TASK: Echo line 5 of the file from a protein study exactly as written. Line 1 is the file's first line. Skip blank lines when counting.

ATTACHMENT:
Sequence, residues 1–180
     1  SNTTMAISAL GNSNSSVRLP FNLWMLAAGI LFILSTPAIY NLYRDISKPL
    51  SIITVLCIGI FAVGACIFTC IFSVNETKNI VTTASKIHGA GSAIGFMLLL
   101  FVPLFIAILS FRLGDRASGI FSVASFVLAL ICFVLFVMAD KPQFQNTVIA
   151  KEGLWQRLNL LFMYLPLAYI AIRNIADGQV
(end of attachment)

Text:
   151  KEGLWQRLNL LFMYLPLAYI AIRNIADGQV